Often, the most important part of a website is the users of the site itself. They are unique individuals who form the basis of thriving communities. It's vital to support users by delivering content in predictable and personalized ways.
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Today is Earth Day, and we are trying to keep the Earth Day web site rolling with the massive amounts of traffic that have been hitting it.
We were expecting about 25 million visitors to the site. Then Google decided to be all environmentally friendly and link to the site from their home page. Then Apple decided to be all ecosensitive by making the integrated iPhone app the number one app in their featured section. We really appreciated it when the servers were suddenly all spitting out 600 pages a second with no warning.
You've been working with Drupal since 4.x. You've attained a mastery of modules, a command of caching, and you build themes that make Chuck Norris weep openly. Now what?
We're giving a presentation about this question in the Drupalcon Sponsor's Corner this year. Think of it as the Trellon "now what?" session, where we help you answer that question.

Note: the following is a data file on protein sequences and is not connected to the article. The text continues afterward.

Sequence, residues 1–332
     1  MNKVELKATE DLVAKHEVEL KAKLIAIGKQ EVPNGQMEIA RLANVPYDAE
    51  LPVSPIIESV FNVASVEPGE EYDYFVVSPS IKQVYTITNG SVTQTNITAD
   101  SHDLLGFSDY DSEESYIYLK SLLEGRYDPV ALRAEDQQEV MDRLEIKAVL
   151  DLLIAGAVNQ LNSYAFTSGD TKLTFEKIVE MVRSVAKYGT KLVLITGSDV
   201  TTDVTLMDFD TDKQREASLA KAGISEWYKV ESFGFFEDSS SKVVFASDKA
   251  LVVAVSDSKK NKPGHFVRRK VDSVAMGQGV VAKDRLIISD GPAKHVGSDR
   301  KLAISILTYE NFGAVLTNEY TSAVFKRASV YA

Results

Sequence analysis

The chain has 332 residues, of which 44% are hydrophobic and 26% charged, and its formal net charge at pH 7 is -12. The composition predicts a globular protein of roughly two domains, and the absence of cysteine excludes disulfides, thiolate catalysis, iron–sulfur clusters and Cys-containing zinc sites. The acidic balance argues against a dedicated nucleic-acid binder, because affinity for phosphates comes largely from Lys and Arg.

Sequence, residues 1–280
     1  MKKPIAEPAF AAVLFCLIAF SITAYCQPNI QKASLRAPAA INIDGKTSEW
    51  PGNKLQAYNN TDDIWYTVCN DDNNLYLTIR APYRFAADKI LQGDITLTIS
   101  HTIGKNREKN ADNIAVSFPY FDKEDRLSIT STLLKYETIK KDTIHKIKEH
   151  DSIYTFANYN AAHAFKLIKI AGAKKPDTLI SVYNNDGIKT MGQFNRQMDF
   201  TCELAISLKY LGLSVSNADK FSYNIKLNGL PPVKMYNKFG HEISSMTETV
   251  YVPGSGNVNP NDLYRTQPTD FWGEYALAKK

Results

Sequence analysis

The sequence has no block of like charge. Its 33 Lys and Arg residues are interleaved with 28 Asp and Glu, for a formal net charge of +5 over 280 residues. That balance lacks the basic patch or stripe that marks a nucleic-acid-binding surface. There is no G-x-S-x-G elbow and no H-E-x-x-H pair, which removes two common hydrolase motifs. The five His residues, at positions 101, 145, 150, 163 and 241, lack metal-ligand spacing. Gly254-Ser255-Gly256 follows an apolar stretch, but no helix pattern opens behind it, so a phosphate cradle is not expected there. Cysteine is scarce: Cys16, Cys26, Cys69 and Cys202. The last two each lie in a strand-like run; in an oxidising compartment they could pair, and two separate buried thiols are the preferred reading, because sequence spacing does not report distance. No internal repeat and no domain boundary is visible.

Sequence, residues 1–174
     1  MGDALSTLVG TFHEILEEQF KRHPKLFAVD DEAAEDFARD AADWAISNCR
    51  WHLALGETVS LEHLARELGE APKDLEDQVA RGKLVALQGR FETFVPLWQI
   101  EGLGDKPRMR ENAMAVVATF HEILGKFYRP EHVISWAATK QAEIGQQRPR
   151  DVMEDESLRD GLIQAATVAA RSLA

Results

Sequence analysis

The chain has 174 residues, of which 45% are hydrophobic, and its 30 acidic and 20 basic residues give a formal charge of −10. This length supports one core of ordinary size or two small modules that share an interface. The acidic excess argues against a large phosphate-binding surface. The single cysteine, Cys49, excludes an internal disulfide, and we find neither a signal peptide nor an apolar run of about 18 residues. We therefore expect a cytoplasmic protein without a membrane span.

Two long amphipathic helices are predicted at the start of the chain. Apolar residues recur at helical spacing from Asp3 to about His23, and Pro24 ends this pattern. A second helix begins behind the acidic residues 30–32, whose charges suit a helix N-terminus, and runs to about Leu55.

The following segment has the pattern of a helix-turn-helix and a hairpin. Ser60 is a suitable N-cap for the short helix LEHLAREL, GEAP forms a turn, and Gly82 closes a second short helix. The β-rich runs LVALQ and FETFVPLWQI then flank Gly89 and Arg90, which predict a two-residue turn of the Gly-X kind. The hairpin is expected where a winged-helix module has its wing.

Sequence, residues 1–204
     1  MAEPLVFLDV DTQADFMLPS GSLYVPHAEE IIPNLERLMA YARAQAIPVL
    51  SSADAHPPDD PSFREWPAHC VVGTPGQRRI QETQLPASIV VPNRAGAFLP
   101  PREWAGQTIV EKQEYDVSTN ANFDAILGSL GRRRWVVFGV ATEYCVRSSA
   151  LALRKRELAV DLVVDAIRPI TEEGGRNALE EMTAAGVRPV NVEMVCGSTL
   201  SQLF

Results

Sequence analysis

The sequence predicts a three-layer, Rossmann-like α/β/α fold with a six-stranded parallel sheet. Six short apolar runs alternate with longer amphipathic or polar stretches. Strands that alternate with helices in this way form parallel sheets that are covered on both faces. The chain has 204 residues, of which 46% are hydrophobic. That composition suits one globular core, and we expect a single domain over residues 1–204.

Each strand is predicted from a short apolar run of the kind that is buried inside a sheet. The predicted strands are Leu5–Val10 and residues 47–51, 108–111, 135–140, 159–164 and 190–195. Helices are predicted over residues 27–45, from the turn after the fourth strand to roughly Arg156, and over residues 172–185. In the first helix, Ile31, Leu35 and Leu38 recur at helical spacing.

There's not much that has not been said about Drupal's Forms API, and it can be a challenging concept for developers who are used to working with other platforms. Any series talking about the underlying framework would be incomplete without some discussion of how it is used.
CCK is the most important acronym you need to know in relation to content management in Drupal. It stands for Content Construction Kit and is the framework that allows people to enter all kinds of different information in their web sites.
So, you can put out a passable brochure site in a day and have reached the point where you want to learn a little more about Drupal. You're not looking to become an elite hacker type, you just want to be able to do something beyond pointing and clicking your way through site building.